Dairy rebound boosts economic growth
Dairy rebound boosts economic growth – Media release
19 December 2013
Rebounding dairy production drove a 1.4 percent increase in gross domestic product (GDP) for the September 2013 quarter, Statistics New Zealand said today. This increase in GDP is the largest since the December 2009 quarter.
The strong increase in dairy production was the main contributor to a 17.0 percent rise in agriculture, which makes up about 5 percent of the New Zealand economy.
"Dairy farming has really bounced back from the drought this year," acting national accounts manager Steffi Schuster said. "The increase in agriculture is the largest in more than 25 years, as good weather boosted production well above the weak June quarter."
Dairy product manufacturing also increased this quarter, which contributed to a 1.5 percent rise in total manufacturing. While manufacturing production was up, exports of dairy products fell this quarter, leading to a build-up of inventories. The $770 million increase in total inventories this quarter is the largest buildup since the series began.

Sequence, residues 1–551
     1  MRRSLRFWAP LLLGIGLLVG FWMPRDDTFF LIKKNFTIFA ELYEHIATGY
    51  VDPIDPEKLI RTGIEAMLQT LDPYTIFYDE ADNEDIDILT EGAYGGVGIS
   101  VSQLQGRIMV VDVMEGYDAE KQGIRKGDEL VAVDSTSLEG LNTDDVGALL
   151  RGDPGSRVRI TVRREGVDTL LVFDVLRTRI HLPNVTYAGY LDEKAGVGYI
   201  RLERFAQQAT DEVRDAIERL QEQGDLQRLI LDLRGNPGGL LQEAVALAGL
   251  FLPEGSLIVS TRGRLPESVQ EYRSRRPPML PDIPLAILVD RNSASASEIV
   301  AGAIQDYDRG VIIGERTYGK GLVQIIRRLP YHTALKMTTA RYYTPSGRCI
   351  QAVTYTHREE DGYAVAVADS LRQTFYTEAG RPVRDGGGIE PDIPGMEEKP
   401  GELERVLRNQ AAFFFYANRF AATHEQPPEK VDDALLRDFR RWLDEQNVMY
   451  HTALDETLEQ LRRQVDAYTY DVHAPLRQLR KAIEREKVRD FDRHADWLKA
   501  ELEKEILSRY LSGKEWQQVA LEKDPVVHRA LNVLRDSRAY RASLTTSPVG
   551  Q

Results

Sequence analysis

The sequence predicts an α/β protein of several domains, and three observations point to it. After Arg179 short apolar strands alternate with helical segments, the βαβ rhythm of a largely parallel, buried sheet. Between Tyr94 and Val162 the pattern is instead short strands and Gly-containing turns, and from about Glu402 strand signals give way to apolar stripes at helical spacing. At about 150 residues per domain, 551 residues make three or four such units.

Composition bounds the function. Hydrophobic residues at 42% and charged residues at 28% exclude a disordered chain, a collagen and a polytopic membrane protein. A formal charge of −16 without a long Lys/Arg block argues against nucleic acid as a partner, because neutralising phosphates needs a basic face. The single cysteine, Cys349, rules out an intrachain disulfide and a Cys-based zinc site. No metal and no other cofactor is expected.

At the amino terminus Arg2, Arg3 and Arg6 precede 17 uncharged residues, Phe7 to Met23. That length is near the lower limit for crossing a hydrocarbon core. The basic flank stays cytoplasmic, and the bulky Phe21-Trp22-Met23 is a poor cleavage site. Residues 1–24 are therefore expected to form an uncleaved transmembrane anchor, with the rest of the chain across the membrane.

Increases in agriculture and manufacturing production were partly offset by declines in:
• Construction (down 1.0 percent), as
falls in infrastructure and commercial construction
outweighed an increase in housing construction. Investment
in housing was up 8.5 percent from the previous
• Business services (down 0.8 percent), with most sub-industries down, except for architectural and engineering services.
Economic activity for the year ended September 2013 was up 2.6 percent.
The expenditure measure of GDP was up 1.1 percent in the September 2013 quarter. The main movements were:
• Investment in fixed assets (up
3.1 percent), driven by increased imports of plant,
machinery, and equipment. This was also reflected in a 4.5
percent rise in imports of goods and services.
• Build-ups in manufacturing and distribution inventories, as supply of goods exceeded demand this quarter.
• Volume of spending by New Zealand households (up 0.4 percent), mainly due to increased spending on durables like furniture and motor vehicles.
Visit Gross Domestic Product: September 2013 quarter